Importance of Being a Soundtrack

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There are a lot of elements that can ruin a movie (a cliché plot twist, painful CGI, Hayden Christensen), but the one that strikes me as the most tragic is the crummy soundtrack.

The soundtrack infiltrates a film so thoroughly that remarkable scores become iconic in their own right, and inextricably associated with the film.  “Indiana Jones,” “Jurassic Park,” “Star Wars.”  We make ringtones and Guitar Hero tracks and let loose great big recognition laughs whenever a tune is used in a parody video.

It isn’t just sweeping instrumental scores which do the trick, either.  “Purple Rain” would have been overwhelmed by its cheesy if not for the musical genius of Prince.  Where’s “The Red Violin” without the red violin?  Where’s “This is Spinal Tap” without Sex Farm or Big Bottoms?  In the mediocre land of Meh, that’s where.

And then there are the movies that do everything else right, that are on the verge of greatness—and somebody has to go and make a TERRIBLE decision and BLOWS IT in the soundtrack department.  I don’t mean forgettable dramatic swells, or lazy abuse of Also sprach Zarathustra.  I mean somebody took a nap during post-production (or worse, thought they were being so damn brilliant) and they fell horrifyingly flat.

I’m talking Jim Jarmusch’s “Dead Man” bad, a film I WANTED to like, I really did, but which continued to defeat me with its jarring, jangly, seriously-made-up-as-he-went-along Neil Young self-indulgent awfulness.  I GET what you guys were trying to do, sort of, but that doesn’t mean I have to like it.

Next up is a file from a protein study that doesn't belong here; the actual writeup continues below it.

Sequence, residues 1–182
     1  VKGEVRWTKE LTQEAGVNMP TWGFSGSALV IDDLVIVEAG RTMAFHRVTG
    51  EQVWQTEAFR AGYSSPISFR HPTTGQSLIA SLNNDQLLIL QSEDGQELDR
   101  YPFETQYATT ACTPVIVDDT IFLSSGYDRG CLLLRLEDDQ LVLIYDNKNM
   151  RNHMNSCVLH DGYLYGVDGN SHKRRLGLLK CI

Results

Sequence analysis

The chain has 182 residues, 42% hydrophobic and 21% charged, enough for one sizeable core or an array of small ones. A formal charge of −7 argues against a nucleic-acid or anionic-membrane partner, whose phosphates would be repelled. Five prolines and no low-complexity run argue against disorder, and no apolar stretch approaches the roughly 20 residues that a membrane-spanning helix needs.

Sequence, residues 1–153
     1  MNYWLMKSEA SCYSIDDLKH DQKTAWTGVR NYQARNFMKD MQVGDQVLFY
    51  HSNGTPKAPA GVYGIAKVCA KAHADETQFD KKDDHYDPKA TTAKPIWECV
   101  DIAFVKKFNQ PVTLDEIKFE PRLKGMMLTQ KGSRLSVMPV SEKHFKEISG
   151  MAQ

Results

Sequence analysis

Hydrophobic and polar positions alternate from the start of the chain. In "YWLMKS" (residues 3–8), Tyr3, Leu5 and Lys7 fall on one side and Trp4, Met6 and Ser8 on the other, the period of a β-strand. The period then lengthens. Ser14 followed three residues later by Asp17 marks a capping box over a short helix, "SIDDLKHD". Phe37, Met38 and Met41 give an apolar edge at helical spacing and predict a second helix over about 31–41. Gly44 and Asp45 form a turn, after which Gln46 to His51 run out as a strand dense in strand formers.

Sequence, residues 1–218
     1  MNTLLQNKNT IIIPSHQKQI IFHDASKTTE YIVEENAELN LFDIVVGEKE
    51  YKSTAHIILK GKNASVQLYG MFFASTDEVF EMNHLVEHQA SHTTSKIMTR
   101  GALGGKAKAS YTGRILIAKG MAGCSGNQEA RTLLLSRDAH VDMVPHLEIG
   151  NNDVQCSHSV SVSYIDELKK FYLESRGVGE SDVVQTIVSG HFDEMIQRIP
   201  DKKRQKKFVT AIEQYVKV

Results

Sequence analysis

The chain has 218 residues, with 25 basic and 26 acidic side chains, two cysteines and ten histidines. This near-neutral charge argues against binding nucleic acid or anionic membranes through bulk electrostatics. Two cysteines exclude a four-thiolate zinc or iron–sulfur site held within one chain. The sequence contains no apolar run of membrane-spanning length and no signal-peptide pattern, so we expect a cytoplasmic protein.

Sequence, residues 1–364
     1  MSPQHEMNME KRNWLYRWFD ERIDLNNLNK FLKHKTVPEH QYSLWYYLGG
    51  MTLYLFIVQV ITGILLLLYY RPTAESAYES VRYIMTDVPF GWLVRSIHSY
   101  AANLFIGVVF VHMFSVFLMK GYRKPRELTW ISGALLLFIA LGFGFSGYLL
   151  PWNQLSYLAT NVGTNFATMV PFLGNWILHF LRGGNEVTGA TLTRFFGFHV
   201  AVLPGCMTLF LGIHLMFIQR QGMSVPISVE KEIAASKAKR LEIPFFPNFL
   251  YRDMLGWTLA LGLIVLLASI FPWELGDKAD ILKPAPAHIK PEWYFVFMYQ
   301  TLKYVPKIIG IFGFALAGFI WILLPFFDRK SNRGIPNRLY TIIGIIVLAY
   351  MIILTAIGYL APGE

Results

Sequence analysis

This brings me to my biggest disappointment to date, and the rant I’d really like to share today: “Mirrormask.”  Neil Gaiman plus the Jim Henson company?  How could it fail?  Oh, that’s right, the soundtrack!  If the rest of the film had sucked, it wouldn’t be so bad, I could just chalk it up to being a bad movie.  But upon viewing the film I noted several things.  The creatures: so imaginative.  The cat-face things: so creepy.  The plot: rising above it’s Gaiman-y cliches (yes, a child discontent with her regular life discovers she is something special in a fantasy world parallel to our own).  At first I was nervous about the main plot device, imagining some serious teen angst, but Stephanie Leonidas gave me a perfectly likeable and sympathetic main character.  Good characters, good plot, beautiful sets and imaginitive special effects!

And then… that DAMN CARIVAL MUSIC!  I GET it.  I really do, so much more than with “Dead Man.”  Helena was trying to escape her weird carnie lifestyle and she wound up in a fantasy world somewhat mirroring that reality.  But I could not get past the ridiculous, cringe-inducing WACKY-WOO tunes because they made it impossible to take any scene seriously.  I could even live with the weird make-over dolls’ rendition of “Close to You,” but not the damned carnival jazz monster.  It was so upsetting that it caused me to coin the phrase “muffler movie.”  A beautiful cinematic work only enjoyable with the sound turned off.

Phew.  You know, it felt good to get that out of my system.

So naturally, the question I pose to you, my fine readeship, is this:  do you have any muffler movies of your own?

Author: Sam Wood-Mills

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